Scrutton Bland Adviser Winter 2018

Adviser spoke to Steph Gordon , Employee Benefits Consultant about what to look for when setting up or reviewing your benefits and rewards. I t was not so long ago when at the end of an interview, the inevitable final question to interviewees about ‘anything else that you’d like to know?’ would be ‘how many days’ holiday will I get?’ Benefits have moved on a bit in the last few years, and are now classified as ‘core benefits’ and ‘employee benefits’. An employer is legally obliged to offer certain core benefits such as paid holiday and a workplace pension scheme, however how far over and above this they go will depend on each organisation. Employee benefits on the other hand are a much more flexible element of the workplace, and are widely considered to be a very valuable and cost-effective way of recruiting and retaining employees. Some of the most popular employee benefits are: • Enhanced pension contributions • Life Assurance • Income Protection • Flexible working hours Where do I start with employee benefits? Many employers will already be offering benefits in some form to their staff, but they may not be appropriate or cost effective - especially if they haven’t been reviewed for a while. Start with a back-to-basics review of your benefits and pensions arrangements. Often your existing policies may include features and added value which you and your employees may not be aware of. Pension providers have great tools and information to support pension transfers, they can offer support with annual reviews and analysis of your membership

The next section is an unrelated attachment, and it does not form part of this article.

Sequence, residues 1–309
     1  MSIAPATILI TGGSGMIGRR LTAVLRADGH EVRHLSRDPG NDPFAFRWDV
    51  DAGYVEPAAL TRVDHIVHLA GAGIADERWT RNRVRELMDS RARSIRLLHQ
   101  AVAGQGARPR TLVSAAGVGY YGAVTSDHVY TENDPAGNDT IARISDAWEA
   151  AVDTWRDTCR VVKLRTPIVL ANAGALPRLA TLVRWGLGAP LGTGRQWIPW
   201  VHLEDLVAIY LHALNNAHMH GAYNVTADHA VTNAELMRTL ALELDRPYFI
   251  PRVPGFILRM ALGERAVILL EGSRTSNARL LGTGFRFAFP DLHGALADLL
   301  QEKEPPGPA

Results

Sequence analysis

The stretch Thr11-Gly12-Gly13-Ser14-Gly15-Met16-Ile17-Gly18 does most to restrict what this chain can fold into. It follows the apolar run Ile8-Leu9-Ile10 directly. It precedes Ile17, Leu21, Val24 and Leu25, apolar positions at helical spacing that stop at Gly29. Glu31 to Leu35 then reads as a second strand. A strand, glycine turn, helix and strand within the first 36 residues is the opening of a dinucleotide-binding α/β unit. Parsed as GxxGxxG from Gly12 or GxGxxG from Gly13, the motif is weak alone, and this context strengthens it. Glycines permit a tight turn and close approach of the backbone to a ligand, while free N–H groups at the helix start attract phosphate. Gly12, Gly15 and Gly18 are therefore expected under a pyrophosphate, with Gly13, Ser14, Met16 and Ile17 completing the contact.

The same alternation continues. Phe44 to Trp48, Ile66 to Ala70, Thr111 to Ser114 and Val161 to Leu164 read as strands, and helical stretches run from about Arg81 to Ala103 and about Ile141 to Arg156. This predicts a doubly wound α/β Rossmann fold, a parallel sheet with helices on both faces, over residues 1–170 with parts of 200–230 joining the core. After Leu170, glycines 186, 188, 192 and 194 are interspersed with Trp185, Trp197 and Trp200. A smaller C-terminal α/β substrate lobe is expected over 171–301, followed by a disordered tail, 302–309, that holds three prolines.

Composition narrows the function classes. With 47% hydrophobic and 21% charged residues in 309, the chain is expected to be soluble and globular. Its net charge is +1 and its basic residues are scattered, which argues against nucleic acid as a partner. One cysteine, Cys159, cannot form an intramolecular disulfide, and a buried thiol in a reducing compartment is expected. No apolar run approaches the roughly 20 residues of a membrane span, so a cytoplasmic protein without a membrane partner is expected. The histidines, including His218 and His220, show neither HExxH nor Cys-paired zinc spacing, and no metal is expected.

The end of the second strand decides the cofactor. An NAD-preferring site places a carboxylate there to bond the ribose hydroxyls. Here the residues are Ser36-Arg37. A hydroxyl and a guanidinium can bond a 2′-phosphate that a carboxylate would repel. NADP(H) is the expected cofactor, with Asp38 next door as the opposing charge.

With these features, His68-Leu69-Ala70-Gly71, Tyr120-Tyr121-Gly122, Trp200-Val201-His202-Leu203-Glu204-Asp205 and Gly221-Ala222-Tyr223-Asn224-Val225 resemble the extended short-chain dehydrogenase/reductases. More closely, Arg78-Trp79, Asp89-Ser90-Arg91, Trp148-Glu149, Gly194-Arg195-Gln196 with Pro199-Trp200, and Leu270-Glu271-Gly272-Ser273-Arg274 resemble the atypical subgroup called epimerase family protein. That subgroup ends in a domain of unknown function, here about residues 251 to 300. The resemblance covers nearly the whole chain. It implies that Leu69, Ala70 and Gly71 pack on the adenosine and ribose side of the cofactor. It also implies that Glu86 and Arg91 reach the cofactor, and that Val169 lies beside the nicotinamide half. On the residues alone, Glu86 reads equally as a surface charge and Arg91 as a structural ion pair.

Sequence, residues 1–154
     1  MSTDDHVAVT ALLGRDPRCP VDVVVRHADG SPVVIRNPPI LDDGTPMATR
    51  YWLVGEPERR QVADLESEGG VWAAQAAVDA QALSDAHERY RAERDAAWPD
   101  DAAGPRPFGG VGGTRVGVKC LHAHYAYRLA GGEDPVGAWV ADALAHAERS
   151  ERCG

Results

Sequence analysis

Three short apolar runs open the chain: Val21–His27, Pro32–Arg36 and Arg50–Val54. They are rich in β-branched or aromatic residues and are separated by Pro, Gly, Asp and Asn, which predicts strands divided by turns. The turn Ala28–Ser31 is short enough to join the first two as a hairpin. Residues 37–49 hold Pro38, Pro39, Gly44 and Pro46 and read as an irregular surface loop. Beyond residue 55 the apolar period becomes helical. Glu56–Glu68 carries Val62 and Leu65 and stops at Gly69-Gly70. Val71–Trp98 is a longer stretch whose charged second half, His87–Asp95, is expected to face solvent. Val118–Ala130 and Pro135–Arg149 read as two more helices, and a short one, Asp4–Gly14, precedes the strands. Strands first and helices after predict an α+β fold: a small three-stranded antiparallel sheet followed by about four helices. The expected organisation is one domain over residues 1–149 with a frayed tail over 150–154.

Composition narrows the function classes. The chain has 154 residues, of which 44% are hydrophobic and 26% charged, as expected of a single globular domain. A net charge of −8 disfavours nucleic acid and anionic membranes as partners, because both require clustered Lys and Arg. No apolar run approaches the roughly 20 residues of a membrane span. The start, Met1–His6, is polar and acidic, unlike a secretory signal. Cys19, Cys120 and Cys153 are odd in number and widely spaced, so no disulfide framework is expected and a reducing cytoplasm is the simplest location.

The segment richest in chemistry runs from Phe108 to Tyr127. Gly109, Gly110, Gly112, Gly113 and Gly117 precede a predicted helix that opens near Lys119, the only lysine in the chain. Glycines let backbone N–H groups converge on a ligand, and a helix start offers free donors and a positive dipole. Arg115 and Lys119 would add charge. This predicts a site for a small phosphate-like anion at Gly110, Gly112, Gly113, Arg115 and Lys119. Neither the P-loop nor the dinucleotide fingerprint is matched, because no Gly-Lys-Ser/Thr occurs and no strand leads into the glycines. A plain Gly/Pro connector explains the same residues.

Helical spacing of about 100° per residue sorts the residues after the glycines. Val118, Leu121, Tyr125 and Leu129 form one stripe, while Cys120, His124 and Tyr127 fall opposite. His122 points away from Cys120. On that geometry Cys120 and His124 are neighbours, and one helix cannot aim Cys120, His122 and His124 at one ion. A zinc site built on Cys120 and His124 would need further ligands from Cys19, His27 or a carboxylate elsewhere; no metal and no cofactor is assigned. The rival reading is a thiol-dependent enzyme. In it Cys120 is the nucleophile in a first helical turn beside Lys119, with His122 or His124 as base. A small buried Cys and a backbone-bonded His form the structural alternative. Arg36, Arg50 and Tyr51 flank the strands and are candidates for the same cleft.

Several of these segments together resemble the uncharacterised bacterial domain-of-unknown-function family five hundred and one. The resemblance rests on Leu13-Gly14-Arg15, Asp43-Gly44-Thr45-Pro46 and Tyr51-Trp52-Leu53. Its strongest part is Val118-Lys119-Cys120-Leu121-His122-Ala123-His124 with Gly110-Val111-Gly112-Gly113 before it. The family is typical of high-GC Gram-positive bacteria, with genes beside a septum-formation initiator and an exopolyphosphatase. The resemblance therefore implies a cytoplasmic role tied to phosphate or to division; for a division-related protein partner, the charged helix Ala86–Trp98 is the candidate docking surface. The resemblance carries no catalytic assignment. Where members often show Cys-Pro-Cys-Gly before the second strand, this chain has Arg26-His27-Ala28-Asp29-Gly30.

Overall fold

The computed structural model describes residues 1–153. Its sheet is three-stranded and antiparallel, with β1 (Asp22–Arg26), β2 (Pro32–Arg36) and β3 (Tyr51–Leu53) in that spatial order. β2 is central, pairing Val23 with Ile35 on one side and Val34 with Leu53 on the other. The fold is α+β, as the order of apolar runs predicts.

• Holiday buy/sell • Health Cash Plan • Dental care plans • Private medical insurance • Health screening • Subsidised gym membership • Company car • Saving schemes such as a workplace ISA • Share schemes • Subsidised travel • Free food and/or drinks • Discounted meals

and investment performance. Your group risk schemes often come with ‘free’ Employee Assistance Programmes and sometimes ‘discounts and deals’ these can be great add- ons to offer your staff at no extra cost. Look at your competition Benchmarking your benefits package against your competitors can be really useful (and may explain why they are attracting such good people!). For example, just having a pension scheme won’t necessarily differentiate your business, so you might want to consider what your competitors pay into their pension scheme and what other benefits they offer.

• Wellness programmes • Employee referral bonus • Free company events

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